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Port of Long Beach Settles Clean Trucks Lawsuit

Trucking association agrees to streamlined registration process

October 19, 2009

The Port of Long Beach has settled a lawsuit brought by the American Trucking Associations (ATA), resolving the final legal challenge to its year-old Clean Trucks Program. One of the Port’s most ambitious environmental initiatives, the program is already cutting truck-related pollution significantly and aims to reduce emissions 80 percent by 2012 or earlier.

(Click here for the legal document)

“The Clean Trucks Program is one of the biggest steps we’ve taken to improve air quality, and I’m happy to see that the Port and the ATA have resolved these legal issues so that we can move forward together,” said Long Beach Mayor Bob Foster.

 “This is a critical milestone for the program, reaching consensus with an important industry partner,” said Nick Sramek, president of the Long Beach Board of Harbor Commissioners. “With this settlement, the Port of Long Beach and the ATA have agreed to move forward, together, on a Clean Trucks Program that works to safeguard the environment while contributing to economic growth and jobs.”

“ATA has always strongly supported the environmental objectives of the Port and supports strict compliance with and adherence to all safety and security laws and regulations,” said ATA President and CEO Bill Graves. “We never disagreed with (Long Beach’s) objectives, only with certain provisions of the Concession Agreement which we believed were unnecessary for the accomplishment of those objectives.” Graves also noted that ATA has long supported the concept of truck inspections on Port property as the most effective method of monitoring and ensuring regulatory compliance.

Long Beach’s Clean Trucks Program, which recently celebrated its first year anniversary, already has led to the introduction of nearly 5,000 “clean,” low-emission trucks serving the Port. More than half of all the cargo moved in and out of the Port is now carried by trucks that meet strict 2007 federal emission standards. By January 1, 2010, almost all trucks working at the Port will meet the 2007 standard coming close to the goal of an 80 percent reduction two years early.

After the initiative was launched, the ATA filed a lawsuit challenging the program’s Concession Agreement, which established clean air, safety and maintenance requirements on trucking companies that operated at the Port. A federal court judge enjoined some aspects of the concession agreement.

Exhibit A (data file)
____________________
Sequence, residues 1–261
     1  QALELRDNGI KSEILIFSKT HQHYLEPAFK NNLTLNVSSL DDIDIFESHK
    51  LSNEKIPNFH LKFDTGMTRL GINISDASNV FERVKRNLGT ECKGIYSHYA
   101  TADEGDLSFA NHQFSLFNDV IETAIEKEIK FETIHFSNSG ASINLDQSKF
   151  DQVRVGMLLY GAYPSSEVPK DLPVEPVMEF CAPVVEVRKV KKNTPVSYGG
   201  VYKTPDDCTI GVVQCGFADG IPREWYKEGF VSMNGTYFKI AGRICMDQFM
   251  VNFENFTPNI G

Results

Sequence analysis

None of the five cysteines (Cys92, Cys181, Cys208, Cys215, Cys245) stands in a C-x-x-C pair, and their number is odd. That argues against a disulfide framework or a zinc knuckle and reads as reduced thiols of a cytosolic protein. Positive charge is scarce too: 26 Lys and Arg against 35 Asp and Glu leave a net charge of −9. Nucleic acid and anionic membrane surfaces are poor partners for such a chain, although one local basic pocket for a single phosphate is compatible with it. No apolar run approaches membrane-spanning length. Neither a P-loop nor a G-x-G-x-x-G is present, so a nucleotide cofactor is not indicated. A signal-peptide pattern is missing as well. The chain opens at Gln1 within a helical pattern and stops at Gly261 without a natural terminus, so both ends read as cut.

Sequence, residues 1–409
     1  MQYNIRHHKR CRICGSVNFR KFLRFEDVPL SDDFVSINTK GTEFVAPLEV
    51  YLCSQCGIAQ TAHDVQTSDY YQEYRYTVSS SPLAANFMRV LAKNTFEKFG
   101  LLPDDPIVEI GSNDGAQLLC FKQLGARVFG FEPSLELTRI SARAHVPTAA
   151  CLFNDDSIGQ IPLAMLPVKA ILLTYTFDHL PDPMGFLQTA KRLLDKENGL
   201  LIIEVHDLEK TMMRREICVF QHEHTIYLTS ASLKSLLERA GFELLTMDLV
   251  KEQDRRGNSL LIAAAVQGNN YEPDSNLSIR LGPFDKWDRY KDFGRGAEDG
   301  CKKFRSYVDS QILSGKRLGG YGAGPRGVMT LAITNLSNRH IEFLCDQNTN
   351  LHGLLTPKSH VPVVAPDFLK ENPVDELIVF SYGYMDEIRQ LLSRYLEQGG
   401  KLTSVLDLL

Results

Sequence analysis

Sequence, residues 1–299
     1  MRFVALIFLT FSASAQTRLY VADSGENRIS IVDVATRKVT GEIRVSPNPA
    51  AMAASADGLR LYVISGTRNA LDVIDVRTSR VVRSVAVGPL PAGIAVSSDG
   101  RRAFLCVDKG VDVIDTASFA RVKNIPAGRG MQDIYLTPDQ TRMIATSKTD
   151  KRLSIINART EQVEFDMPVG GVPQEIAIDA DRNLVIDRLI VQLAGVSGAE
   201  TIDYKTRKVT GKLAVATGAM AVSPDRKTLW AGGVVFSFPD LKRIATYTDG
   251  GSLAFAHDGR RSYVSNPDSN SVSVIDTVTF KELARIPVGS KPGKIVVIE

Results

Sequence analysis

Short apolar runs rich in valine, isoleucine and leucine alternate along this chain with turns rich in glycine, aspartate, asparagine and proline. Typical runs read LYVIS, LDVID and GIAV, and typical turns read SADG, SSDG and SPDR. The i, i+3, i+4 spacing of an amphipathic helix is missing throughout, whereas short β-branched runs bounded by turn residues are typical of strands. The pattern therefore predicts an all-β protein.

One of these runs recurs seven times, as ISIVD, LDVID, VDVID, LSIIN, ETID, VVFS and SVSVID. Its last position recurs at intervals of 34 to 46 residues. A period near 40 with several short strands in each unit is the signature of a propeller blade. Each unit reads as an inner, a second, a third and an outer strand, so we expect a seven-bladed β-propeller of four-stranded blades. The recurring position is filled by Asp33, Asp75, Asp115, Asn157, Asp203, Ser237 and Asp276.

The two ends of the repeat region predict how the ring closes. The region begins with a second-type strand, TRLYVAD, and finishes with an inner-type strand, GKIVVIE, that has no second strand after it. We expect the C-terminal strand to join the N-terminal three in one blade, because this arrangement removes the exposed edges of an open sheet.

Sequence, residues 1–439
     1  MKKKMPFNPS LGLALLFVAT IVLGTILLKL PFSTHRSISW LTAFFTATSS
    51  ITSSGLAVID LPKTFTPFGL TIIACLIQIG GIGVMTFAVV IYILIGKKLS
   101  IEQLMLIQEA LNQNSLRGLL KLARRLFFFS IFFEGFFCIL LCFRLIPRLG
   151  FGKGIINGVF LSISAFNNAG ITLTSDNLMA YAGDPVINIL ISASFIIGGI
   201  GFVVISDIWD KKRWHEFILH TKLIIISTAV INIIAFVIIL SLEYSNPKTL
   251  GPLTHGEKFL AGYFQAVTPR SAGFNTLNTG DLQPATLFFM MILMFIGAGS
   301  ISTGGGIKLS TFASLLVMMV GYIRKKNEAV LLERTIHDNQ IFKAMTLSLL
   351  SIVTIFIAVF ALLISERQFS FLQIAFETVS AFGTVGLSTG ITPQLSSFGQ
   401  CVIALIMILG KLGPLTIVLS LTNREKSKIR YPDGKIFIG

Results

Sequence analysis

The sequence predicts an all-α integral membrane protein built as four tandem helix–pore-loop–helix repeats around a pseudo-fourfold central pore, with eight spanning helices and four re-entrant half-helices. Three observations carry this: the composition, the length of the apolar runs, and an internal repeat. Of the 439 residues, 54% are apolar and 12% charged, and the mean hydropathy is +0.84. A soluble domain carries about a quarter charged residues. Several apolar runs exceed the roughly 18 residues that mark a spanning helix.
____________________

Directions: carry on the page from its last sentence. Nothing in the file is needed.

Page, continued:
With the settlement, approved October 19 by the Long Beach Board of Harbor Commissioners, the Port will replace the Concession with a Registration Agreement. Once the settlement is approved by the federal court hearing the lawsuit, the Port will post the Registration Agreement for trucking companies to sign and submit.

(Click here to see the draft Motor Carrier Registration and Agreement document.)

“The change will streamline our program,” said Sramek. “At the same time, under the new registration system, the Port of Long Beach will have the tools to strictly monitor and enforce its Clean Trucks Program and the Program’s truck emission reductions.  It will also be positioned to enforce fully all of its security and safety related regulations.”    

Under the new Registration Agreement, trucking companies would agree to comply with environmental, safety and security requirements, in exchange for registration to perform drayage services at the Port. They would need to register their trucks in the Port’s Drayage Truck Registry and equip them with radio frequency identification tags. With more than 900 trucking companies and more than 16,900 trucks already registered with the Port and equipped with RFID tags, the new system would mean that trucking companies already working under the concessions would need only to sign and submit the new registration agreement to continue to work at the Port.

Under the Concession Agreement, the Port could withhold permission even if trucking companies met the environmental, safety and security requirements – although Long Beach never invoked those provisions.

The ATA lawsuit also targeted the Port of Los Angeles’ program. The Port of Los Angeles is not a party to the settlement between the ATA and the Port of Long Beach.

In June, the Federal Maritime Commission withdrew a separate lawsuit and an administrative proceeding against the clean trucks initiatives at the Port of Long Beach and Port of Los Angeles.

The Clean Trucks Program progressively bans older trucks, replacing them with newer trucks. Pre-1989 trucks are no longer allowed at the Port and beginning January 1, 2010, 1993 and older trucks will be banned. By 2012, only trucks meeting the 2007 federal emission standards will be allowed to operate at the Port.

For more information, visit the Port's clean trucks web portal at

( Stipulation of Settlement )

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